In many countries, child abduction is a criminal offence. In England and Wales, if a parent has a court order with a provision that the child lives with them (Child Arrangements Order), then they may take the child out of the UK for up to 28 days without the consent of anyone else who has Parental Responsibility for the child, unless there is an order in place expressly prohibiting this. However, if no such order is in place, it is a criminal offence to take the child out of the United Kingdom for any length of time without the written permission of all holders of parental responsibility or the Courts’ permission.
International legal instruments signed by many countries are intended to ensure the return of the child to their country of habitual residence before the abduction. The Hague Convention on Civil Aspects of Child Abduction 1980 is most commonly used, but between the EU members (excluding Denmark) Council Regulation (EC) NO 2201/2003 also applies.
If you have concerns about your child being abducted
You should seek legal advice from a specialist lawyer as soon as possible about measures that can be taken to prevent the abduction. An application can be made to the court for a Prohibited Steps Order to prevent the other parent from removing the child. Among other measures, it may be possible to make an application to the Tipstaff (the High Court Enforcement Officer) or to the police so that a “port alert” is put on all ports of entry and exit to the UK. You will have to prove that there is a real and imminent risk that the child will be removed.
Under English law, only people who hold parental responsibility over the child are entitled to apply for his or her return.
If your child has already been abducted
You should seek the advice from a specialist family lawyer as a matter of urgency. We will establish your parental rights towards the child and the most appropriate method to achieve the child’s return. It is also advisable to contact a lawyer from the state where you believe the child has been taken, in order to ascertain the legal position in that country.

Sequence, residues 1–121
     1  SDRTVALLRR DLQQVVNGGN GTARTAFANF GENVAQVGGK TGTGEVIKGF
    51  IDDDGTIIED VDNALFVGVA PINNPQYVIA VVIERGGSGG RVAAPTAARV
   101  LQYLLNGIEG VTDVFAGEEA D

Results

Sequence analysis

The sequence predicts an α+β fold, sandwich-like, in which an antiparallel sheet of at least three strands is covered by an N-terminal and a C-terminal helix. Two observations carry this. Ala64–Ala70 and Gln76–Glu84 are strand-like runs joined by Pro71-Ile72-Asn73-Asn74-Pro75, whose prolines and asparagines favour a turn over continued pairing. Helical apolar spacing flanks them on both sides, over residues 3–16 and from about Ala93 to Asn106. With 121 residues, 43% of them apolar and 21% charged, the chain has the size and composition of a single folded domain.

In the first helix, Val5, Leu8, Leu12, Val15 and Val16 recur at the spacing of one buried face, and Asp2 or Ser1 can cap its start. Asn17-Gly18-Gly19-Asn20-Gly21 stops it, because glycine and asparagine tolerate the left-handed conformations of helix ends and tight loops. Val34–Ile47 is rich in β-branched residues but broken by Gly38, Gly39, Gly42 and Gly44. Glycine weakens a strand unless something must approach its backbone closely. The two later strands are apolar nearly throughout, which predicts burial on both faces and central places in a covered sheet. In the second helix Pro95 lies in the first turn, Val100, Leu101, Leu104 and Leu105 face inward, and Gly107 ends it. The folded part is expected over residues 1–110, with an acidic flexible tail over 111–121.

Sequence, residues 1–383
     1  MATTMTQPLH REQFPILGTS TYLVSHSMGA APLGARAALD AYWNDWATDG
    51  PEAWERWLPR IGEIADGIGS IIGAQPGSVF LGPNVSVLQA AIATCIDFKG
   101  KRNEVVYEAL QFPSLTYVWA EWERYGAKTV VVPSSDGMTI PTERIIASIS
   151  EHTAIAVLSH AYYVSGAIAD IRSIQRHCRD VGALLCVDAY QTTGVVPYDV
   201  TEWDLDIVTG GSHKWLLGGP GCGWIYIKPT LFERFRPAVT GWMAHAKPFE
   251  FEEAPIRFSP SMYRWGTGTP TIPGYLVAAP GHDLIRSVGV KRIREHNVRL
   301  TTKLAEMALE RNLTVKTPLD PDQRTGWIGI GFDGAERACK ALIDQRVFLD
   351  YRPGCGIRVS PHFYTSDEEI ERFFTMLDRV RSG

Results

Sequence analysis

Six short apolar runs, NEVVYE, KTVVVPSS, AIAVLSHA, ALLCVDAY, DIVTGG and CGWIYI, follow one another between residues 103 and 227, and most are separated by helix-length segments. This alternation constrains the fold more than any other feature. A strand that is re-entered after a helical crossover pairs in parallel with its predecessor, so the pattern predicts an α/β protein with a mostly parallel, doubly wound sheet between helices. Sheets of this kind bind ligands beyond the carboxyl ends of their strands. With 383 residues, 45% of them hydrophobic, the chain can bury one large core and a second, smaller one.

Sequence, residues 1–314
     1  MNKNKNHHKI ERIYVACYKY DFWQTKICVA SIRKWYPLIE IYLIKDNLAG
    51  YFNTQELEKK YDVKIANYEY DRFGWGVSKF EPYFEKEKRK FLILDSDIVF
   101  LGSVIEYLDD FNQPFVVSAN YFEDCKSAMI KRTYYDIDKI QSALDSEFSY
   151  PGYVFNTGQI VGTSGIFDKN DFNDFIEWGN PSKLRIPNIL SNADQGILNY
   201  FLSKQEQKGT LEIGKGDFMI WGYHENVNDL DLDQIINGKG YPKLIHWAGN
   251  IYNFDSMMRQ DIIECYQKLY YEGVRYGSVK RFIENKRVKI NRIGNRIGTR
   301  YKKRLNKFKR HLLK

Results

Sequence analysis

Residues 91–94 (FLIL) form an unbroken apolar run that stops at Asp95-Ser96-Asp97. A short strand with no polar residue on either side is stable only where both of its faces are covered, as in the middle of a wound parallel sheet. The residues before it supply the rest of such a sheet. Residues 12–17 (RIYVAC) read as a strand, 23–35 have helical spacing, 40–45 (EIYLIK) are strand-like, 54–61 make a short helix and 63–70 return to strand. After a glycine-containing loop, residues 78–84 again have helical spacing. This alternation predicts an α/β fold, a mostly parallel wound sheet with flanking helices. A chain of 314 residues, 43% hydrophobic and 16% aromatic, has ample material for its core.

If you are being accused of child abduction
It is very important that you are advised by a specialised lawyer. Taking further unilateral actions may worsen the situation. There may be grounds in your case to oppose the claims of abduction and it is essential that this is considered by an expert in the field. The limited grounds under which you can oppose a Hague Convention application for child abduction are:
- The other parent gave his or her consent to the child’s removal or retention.
- The parent left behind subsequent to the removal or retention has acquiesced (accepted).
- The child does not want to return, and they have attained the age and degree of maturity appropriate to have their decisions taken into account.
- There is no custody right being breached
- The other parent was not actually exercising their custodial rights
- The child is now settled in their new environment
- The child would be exposed to physical or psychological harm, or otherwise placed in an intolerable situation, if the child was made to return to the resident country.
These are not straightforward grounds and they have to be thoroughly proved to the Court charged with making the decision. Please note that the aim of Child Abduction proceedings is the return of the child to their country of residence, not to decide with whom the child is to live. This decision will have to be made by the country in which the child is habitually resident.